Wax On, Wax Off
Their work gets walked on every day, but the producers of Hopkins' floor show take it in stride.
Three things make Tina Jackson-Wallace cringe. A pailful
of blue water. Anyone dragging furniture. People who think
they're exempt from Newton's laws of motion.
The first two mean Wallace's day just got tougher. The
third, she's seen end up in the emergency department.
Wallace is a floor tech, one of more than 200 at Hopkins
Hospital alone, whose job is keeping the institution's floors
not merely clean, but beautiful. To her, blue water means
too much germicide, a chemical that in stronger-than-needed
concentrations turns meticulously waxed and burnished floors
into a gummy mess no amount of wet-mopping can cure. And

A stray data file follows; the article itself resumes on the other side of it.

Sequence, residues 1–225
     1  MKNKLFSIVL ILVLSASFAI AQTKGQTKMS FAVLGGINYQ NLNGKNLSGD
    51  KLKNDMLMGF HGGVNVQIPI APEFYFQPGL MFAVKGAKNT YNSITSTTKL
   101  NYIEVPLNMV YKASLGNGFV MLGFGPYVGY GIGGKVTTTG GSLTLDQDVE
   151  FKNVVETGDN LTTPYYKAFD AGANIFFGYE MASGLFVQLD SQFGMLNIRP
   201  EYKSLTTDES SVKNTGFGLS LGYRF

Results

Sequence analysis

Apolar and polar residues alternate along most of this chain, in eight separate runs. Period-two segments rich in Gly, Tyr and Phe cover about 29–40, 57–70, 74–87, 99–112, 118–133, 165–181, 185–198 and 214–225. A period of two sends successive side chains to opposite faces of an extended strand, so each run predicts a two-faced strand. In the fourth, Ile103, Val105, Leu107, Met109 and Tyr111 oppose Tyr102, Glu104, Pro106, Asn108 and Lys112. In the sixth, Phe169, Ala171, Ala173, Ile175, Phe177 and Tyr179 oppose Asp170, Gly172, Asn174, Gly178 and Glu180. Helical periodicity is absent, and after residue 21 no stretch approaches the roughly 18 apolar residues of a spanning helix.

merely pushing a chair, instead of picking it up and carrying
it, also can undo a morning's work in seconds. - MORE
"On my floors, you're not going to
see gook on the edges or raggly corners or dust bunnies
behind the doors."
Tina Jackson-Wallace is the only floor tech at Hopkins Hospital who's trained to sand and refinish the hardwood floors that are exclusive to Marburg 3. Patients compliment her often, and one patient, the owner of a floor business, was so impressed with her work that he offered her a job.